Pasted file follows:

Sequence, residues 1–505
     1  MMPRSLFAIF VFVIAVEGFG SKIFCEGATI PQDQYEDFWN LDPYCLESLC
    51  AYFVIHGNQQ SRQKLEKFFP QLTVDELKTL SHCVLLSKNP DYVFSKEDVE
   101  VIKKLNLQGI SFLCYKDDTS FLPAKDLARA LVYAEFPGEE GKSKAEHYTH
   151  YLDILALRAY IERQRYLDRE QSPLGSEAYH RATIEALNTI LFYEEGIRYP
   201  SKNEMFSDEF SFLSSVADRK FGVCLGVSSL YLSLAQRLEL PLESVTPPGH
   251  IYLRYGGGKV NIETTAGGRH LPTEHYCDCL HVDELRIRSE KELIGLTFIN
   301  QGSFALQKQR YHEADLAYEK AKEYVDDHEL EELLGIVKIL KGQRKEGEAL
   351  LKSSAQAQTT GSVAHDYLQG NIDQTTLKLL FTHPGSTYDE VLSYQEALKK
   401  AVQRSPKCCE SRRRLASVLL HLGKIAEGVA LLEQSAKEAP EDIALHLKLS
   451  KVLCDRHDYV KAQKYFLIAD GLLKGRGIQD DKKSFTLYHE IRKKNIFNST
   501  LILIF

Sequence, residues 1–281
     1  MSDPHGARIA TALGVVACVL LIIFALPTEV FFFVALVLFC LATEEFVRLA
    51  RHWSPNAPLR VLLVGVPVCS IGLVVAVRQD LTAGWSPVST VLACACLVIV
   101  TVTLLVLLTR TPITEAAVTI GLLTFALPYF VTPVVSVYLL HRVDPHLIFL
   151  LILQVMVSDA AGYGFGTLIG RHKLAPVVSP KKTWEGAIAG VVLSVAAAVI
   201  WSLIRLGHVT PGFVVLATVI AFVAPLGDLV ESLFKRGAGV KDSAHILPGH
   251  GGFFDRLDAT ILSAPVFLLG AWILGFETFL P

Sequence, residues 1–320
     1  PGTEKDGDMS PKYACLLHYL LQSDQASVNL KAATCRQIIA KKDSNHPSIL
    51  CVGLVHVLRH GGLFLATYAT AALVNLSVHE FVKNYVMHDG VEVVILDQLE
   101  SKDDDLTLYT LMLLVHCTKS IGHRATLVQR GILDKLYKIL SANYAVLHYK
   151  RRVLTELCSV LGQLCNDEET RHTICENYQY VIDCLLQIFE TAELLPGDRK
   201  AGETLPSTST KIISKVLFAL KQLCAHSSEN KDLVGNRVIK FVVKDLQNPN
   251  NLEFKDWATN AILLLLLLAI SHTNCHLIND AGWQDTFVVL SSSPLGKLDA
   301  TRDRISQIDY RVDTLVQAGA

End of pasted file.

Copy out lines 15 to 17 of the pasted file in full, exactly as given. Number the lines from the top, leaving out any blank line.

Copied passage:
    51  RHWSPNAPLR VLLVGVPVCS IGLVVAVRQD LTAGWSPVST VLACACLVIV
   101  TVTLLVLLTR TPITEAAVTI GLLTFALPYF VTPVVSVYLL HRVDPHLIFL
   151  LILQVMVSDA AGYGFGTLIG RHKLAPVVSP KKTWEGAIAG VVLSVAAAVI